Good: book gives a wealth of detail about life experience that many will not come across on their own. Bad: when the story line pauses to explain theories presented, the reading experience bogs down and goes from reading a story to reading a textbook.

The Social Animal is well written and interesting but I found myself skipping along to follow the story because while the theory behind what is going on is good information, at times too much is presented (Don't tell me how to build a wrist watch, I only want to know the time). When I went back to cover a couple of the "explanatory" chapters I ended up scanning more than reading.

cn8754an6 Sep 18, 2013

Really a great read on behavioral economics. I've never really cried over non-fiction before.

Feb 26, 2013

Negative rating for fiction presented as fact. So Brooks' character has a real job? At a "think tank"? Wished Brooks had bothered to present a history of the financiers behind all these so-called "think tanks" (manufactured consent, people?). Easy to ignore that most crucial fact that studies have indicated that the number one indicator of financial success in America (and many other countries) is the family you are born to. I just find Brooks to be a complete farce on multiple levels.

Feb 24, 2012

The best of modern understanding of humans and how they really work, told as a story by a skilled and thought-provoking writer. He reaches the pinnacle around chapter 20, pouring out insight after insight, backed by a few simple, powerful, carefully chosen statistics.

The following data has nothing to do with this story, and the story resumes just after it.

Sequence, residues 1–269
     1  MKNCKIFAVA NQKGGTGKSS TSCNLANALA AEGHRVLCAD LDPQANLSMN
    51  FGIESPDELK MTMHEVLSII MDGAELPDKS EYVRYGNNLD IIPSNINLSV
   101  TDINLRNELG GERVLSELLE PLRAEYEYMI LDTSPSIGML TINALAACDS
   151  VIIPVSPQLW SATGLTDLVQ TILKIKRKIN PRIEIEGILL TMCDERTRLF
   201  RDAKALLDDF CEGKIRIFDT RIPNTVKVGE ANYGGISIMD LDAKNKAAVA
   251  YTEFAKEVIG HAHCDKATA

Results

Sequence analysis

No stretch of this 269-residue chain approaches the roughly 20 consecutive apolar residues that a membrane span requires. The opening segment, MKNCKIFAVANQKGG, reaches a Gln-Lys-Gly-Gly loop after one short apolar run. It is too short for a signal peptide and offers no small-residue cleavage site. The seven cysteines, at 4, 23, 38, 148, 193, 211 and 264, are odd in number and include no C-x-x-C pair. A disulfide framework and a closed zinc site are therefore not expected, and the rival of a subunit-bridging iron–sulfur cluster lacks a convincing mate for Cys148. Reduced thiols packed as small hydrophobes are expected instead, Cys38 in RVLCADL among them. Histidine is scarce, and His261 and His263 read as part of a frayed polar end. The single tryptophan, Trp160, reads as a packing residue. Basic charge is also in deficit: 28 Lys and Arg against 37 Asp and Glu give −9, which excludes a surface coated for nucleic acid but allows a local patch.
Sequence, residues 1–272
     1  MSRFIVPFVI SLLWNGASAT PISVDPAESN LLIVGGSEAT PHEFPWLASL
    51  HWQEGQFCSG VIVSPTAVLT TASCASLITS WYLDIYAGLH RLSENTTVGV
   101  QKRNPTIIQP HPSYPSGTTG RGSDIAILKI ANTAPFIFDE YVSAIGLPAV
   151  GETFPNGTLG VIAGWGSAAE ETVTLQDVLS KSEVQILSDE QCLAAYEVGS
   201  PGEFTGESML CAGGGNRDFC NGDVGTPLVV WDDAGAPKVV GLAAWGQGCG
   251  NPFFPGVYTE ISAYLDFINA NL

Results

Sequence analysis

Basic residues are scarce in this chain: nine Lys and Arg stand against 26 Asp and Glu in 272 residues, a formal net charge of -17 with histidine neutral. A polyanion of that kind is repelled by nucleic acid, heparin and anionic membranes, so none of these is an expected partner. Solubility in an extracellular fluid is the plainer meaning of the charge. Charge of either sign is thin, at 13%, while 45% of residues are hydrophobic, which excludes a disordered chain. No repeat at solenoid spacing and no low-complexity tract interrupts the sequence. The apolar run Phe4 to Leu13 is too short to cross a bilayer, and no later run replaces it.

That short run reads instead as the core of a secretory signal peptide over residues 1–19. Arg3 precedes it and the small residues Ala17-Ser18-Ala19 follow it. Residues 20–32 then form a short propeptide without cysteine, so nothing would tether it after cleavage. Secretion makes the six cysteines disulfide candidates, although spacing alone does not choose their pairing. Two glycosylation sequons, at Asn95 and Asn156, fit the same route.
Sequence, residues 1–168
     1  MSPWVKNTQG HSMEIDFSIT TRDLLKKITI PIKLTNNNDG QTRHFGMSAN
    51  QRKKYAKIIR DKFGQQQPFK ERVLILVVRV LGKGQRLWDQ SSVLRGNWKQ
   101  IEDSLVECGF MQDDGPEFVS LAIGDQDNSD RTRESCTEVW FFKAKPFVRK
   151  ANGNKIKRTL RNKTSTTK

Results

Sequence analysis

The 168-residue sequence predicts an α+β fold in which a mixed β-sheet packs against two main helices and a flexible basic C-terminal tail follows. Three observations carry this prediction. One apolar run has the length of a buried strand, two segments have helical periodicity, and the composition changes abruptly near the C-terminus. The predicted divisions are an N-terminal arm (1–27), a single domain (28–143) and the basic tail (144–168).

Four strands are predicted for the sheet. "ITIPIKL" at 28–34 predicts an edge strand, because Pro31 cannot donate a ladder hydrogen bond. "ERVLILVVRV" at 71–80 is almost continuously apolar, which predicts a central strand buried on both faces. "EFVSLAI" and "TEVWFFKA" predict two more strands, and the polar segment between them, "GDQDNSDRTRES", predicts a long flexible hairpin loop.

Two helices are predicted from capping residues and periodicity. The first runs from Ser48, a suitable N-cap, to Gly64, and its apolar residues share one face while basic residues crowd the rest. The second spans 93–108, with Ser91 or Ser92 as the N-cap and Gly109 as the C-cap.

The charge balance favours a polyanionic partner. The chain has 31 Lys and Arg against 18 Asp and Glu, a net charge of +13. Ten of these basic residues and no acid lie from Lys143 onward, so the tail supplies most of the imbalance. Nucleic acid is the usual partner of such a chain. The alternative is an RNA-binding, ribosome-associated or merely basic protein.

qsohk0621 Feb 22, 2012

If you like learning about human behavior then this is a good read for you. Very well written book. I recommend this to all.

zavirani Jan 04, 2012

An interesting story put together by David Brooks, who has a gift for weaving interesting thoughts and theories into an allegorical tale. The characters he develops to get his thoughts across, Harold and Erica, are both relatable on many levels, and very human. You share in their love, their desires, their ambition, and their not so good moments as well. Many of the parts are very thought provoking, as he seamlessly goes back and forth between the points made through the story of the characters and the real world thoughts and analysis that set the foundation of the characters. Overall, a very good read that gives you a lot to think about.

Dec 20, 2011

Great book, but you have to be ready to think while you read this book (it's not just an "entertain you without making you work" sort of reading). For those who like to learn, understand and evolve, give this a try. If you want a light read without much enlightenment, don't pick this book up.

mrc0201 Sep 08, 2011

I loved this book and am actually going to buy my own copy. I thought it gave me insights into myself, but also into how brains work in general. I teach at a community college, and I've been sharing things I've read since school started. Students love the information as it helps them learn better. Or it could.

Aug 29, 2011

I couldn't read it all the way through either. It's like being forced to look into a mirror and have all your flaws pointed out in painful detail.

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qsohk0621 Feb 22, 2012

qsohk0621 thinks this title is suitable for 18 years and over